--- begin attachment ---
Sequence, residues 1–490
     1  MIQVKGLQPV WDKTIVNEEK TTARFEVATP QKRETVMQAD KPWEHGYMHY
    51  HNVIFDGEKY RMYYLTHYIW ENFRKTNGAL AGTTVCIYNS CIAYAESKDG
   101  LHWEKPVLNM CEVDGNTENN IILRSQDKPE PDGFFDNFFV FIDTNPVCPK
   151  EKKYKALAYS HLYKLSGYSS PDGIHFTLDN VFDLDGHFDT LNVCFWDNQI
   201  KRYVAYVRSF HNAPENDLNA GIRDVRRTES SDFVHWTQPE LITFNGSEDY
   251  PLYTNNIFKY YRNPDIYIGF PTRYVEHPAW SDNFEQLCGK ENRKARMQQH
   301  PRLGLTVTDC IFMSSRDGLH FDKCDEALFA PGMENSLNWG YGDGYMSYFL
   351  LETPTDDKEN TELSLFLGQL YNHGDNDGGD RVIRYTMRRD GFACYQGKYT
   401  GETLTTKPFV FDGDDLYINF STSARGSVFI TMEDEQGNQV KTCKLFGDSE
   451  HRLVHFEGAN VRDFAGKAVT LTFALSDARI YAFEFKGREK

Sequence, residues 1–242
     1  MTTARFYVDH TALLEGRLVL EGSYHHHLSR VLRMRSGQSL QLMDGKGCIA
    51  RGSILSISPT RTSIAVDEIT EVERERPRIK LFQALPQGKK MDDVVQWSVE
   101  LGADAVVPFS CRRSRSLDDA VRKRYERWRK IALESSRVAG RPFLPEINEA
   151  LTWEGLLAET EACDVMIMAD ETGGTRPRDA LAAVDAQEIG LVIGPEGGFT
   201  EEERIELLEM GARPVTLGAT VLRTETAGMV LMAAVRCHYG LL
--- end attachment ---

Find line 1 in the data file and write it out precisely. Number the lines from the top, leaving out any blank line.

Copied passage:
Sequence, residues 1–490